A recent neuroimaging study has identified a link between respiration and neural activity changes in rats. The findings, which have been published in the journal eLife, suggest that breathing might modulate neural responses across the brain.
“Breathing is an essential physiologic process for a living organism,” said study author Nanyin Zhang, the Lloyd & Dorothy Foehr Huck Chair in Brain Imaging and director of the Center for Neurotechnology in Mental Health Research at Penn State.
“Scientists know that respiration is controlled by the brain stem, and the breathing process can modulate neural activity changes in several brain regions. However, people still do not have a comprehensive picture about brain-wide regions involved during breathing. This question can in principle be answered using a technique called functional magnetic resonance imaging (fMRI), a non-invasive neuroimage method that allows us to map neural activity in the whole brain.”
“The challenge is, however, fMRI is also sensitive to non-neural factors accompanied by breathing such as motion and CO2 fluctuations in the brain, which can lead to artifacts in fMRI data. As a result, how to map breathing-associated neural network using fMRI is largely unexplored.”
In tandem with fMRI, the researchers measured electrical signals in the nervous system and used a respiration sensor to examine rodents in a resting state. This method allowed the researchers to filter out potential artifacts and pinpoint where breathing-related neural activity occurs in the brain.
“We hope to reveal how breathing can modulate the neural activity across the whole brain,” Zhang told PsyPost. “This knowledge will help elucidate the contribution of breathing on neuro and neuro-vascular signals at rest. The findings provide insight into the respiration-mediated relationship between brain activity and non-invasive fMRI measures.”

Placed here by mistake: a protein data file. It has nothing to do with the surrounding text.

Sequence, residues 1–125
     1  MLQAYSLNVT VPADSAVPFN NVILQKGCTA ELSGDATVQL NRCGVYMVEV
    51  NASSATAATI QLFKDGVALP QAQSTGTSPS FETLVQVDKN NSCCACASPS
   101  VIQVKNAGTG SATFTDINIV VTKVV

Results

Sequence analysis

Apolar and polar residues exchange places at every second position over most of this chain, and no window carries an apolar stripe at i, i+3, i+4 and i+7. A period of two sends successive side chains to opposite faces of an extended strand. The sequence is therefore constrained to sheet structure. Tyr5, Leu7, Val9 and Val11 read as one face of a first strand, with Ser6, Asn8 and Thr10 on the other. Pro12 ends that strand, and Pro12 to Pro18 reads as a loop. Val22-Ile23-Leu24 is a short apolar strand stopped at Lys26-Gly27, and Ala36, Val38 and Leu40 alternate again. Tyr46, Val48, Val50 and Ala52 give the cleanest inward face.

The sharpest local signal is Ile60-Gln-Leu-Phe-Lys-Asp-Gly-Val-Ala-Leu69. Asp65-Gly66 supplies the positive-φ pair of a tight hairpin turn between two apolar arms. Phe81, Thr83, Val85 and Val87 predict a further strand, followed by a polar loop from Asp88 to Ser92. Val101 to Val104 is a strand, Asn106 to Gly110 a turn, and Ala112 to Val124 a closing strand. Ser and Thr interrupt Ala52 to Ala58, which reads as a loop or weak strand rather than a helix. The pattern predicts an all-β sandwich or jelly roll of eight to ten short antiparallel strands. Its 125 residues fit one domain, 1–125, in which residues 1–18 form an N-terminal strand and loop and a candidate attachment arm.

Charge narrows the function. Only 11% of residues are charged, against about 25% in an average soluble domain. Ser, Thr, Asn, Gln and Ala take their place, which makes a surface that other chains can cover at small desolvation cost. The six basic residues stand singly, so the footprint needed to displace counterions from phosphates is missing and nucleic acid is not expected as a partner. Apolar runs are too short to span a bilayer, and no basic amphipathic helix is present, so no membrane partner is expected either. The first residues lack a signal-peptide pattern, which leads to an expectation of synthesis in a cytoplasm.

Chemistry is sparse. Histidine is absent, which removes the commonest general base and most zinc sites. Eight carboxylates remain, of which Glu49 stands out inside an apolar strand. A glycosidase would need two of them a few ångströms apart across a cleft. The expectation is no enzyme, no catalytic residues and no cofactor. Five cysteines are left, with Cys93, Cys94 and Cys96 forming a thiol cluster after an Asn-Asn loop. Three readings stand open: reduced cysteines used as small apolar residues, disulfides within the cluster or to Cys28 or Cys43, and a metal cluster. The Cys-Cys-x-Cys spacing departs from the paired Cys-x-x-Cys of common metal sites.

The researchers found that breathing was associated with a particular pattern of brain activity that can be distinguished from the artifacts introduced by CO2 fluctuations and body movements.
“We discovered a respiration-associated brain network mediated by neural activity based on the resting-state fMRI, electrophysiology and respirational signals measured at the same time in rats,” Zhang explained. “The respiration signal is associated with the gamma-band neural activity in the cingulate cortex, and both the gamma and respiration signals correlate with distributed neuronal networks measured by fMRI.”
“Additionally, this ‘respiration network’ disappeared when the brain-wide neural activity was suppressed at an isoelectric state while the respiration was maintained, further indicating the neural underpinning of this network. This study for the first time mapped the brain-wide neural responses modulated by respiration.”
The researchers said that this breathing-related brain network could be implicated in various brain disorders, “and thus our findings might potentially provide important clinical value.”
In a news release, Zhang said that the relationship between neural activity in the cingulate cortex and breathing rhythm may indicate that breathing rhythms may impact emotional states.
“When we are in an anxious state, often our breathing speeds up,” Zhang said. “In response, we sometimes take a deep breath. Or when we are focusing, we tend to hold our breath. Those are signs that breathing can impact our brain function. Breathing allows us to control our emotions, for example, when we need our brain function to alter. Our findings support that idea.”
Future studies may focus on observing brain activity in human subjects while they are meditating. One integral part of meditation is focusing on your breathing, which acts as an anchor to remain in the present moment.
“Our understanding of what is happening in the brain is still superficial,” Zhang said. “If researchers replicate the study on humans using the same techniques, they might be able to explain how meditation modulates neural activity in the brain.”
The study, “Neural underpinning of a respiration-associated resting-state fMRI network“, was authored by Wenyu Tu and Nanyin Zhang.